Section 2: Fraud detection

Public Sector Fraud Awareness Survey - Findings.


  1. My organisation encourages staff to come forward if they see or suspect fraud or corruption.
  2. The culture at my organisation is such that that I would be willing to raise any concerns that I may have regarding fraud or corruption and I know that my concerns will be taken seriously and I would not suffer any retaliation.
  3. My organisation has a Protected Disclosures Policy (or similar).
  4. There is a whistleblower hotline at my organisation.
  5. When fraud or corruption risks are raised at my organisation, my organisation takes proactive steps to reduce the risk.
  6. Credit card expenditure is closely monitored.
  7. Staff expenses are closely monitored.

Fraud detection – having the right environment

The opportunity for fraud to be committed is usually a result of inadequate controls and/or non-compliance by staff with policy and procedures. Although organisations should be able to trust their employees to do the right thing, having trusted employees is not a fraud control. Many instances of fraud have been committed by trusted employees. Organisations need to be able to verify that their staff are complying with policies and procedures, and include fraud risk management as a component of business-as-usual risk management.

How is fraud being detected? Of the 22.5% of respondents who indicated being aware of one or more frauds having been committed against their organisation, 45% of respondents indicated the fraud was detected through internal controls, 25% by internal tip-off, 12.5% by external tip-off and 5.3% by accident.

Combating fraud is everyone’s responsibility. The prospect of being discovered is a strong deterrent for most people contemplating wrong-doing. There are a number of actions an organisation can take to reduce the risk of fraud. We outline below some of the actions that an organisation could consider:

  • Having an environment that encourages staff to come forward if they suspect fraud.  Pleasingly, 88% of respondents indicated that their organisation did have this. This appears to be reinforced by 95% of respondents indicating that the culture at their organisation is such that they also know their concerns will be taken seriously.

    Respondents who said that the culture of their organisation is such that they would be willing to raise any concerns they have regarding fraud (and they know their concerns would be taken seriously and they would not suffer any retaliation) were significantly less likely to experience a fraud than those who said they didn’t have such a culture.

    Although it is encouraging to know that organisations do encourage their staff to speak up about their concerns, the ongoing success will rest on the organisation’s response.
  • Having a Protected Disclosure Policy. This is not the same as having a proper whistleblower system, including a hotline, in place. There will be occasions when it might be appropriate for staff to make a protected disclosure if the staff member has a concern for their wellbeing. Public sector organisations must have a Protected Disclosures Policy that allows staff to raise concerns of serious wrongdoing, safely and without fear of retribution.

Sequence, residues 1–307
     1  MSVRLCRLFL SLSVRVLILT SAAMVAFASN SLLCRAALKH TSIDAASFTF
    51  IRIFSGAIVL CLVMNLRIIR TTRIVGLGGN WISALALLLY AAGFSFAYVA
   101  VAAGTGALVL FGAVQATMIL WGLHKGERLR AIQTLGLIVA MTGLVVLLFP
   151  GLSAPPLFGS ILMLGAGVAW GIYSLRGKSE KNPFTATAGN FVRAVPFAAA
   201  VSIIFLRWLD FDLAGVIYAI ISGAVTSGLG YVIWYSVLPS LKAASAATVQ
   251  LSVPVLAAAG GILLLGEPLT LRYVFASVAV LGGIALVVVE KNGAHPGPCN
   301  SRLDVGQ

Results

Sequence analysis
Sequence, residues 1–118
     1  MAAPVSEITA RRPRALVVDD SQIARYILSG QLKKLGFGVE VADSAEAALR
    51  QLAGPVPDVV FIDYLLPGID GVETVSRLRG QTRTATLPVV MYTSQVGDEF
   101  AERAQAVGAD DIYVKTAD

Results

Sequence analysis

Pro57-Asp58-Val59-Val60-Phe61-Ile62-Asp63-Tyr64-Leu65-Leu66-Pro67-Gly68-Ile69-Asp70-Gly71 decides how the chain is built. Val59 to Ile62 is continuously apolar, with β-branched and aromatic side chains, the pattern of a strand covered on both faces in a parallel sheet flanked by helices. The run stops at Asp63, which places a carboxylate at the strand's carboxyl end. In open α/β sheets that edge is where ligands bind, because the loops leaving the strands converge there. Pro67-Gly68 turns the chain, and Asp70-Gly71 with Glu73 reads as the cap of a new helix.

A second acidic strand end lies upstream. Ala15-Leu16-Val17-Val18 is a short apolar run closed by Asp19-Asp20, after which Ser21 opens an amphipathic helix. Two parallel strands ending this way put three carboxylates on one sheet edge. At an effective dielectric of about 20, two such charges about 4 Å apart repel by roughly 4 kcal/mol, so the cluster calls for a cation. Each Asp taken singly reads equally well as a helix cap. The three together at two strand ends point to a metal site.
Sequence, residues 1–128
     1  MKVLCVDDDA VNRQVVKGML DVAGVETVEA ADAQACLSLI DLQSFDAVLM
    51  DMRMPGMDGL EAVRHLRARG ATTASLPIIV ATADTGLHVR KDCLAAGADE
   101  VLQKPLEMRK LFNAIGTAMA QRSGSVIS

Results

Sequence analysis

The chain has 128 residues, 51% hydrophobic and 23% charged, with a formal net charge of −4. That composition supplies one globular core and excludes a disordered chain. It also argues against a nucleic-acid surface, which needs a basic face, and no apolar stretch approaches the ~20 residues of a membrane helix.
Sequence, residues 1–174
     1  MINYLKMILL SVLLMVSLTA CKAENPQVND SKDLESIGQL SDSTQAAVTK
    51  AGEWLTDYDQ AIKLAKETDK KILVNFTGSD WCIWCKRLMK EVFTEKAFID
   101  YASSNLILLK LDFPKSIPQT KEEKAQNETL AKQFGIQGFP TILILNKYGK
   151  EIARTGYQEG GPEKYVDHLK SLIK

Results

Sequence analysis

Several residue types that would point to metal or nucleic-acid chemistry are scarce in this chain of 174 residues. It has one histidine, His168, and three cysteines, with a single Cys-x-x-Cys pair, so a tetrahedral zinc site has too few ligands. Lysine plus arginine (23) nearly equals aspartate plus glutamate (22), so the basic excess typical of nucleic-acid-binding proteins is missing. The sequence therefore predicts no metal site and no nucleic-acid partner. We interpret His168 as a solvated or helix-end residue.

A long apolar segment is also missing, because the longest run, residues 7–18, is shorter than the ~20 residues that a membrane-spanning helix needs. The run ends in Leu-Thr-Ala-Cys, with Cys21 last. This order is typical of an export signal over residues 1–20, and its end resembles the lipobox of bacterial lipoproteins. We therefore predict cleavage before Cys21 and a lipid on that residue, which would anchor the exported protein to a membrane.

All staff, regardless of level, should know how and where to access an organisation’s protected disclosure/whistleblower regime. This survey’s results suggest otherwise. Although 71.2% of respondents said that their organisation had a Protected Disclosure Policy, the awareness was highest at the Chief Executive level (82%) and lowest at the operation staff level (53%). This awareness gap between management and general staff is something we frequently see in organisations and is often a symptom of ineffective internal communication.
  • Having a whistleblower hotline. Surprisingly, only 3.8% of fraud was detected through the organisations’ whistleblower systems. This may be explained by the fact that 74.7% of respondents (across all roles and sectors) said that their organisation did not have a whistleblower hotline and a further 13.7% did not know if their organisation had one.

    We believe a well-communicated whistleblower system is one of the best tools that an organisation can employ to help mitigate the risks of fraud and other reputational harm. However, the success (or otherwise) of a whistleblower system depends to a large degree on how it is set up, operated, communicated and accepted by the organisation.

    According to the Association of Certified Fraud Examiners’ 2010 Global Fraud Study, those organisations that have a whistleblower hotline in place had a 59% reduction in median fraud losses.
  • Being proactive. Organisations can be proactive in detecting fraud, for example, by ensuring  that there is a high level of awareness of the potential for fraud to occur; having clear policies and statements and ensure these are known to all staff; conducting data analytics across financial systems and having a process for following up suspicious transactions; keeping staff safe by ensuring segregation of duties where appropriate; monitoring areas of potential fraud risk such as sensitive expenditure, use of credit cards, travel expenses, gifts and rewards.

    Line managers need to have a good understanding of their role and responsibility in managing fraud risks, and know that they are accountable should fraud occur in their area.
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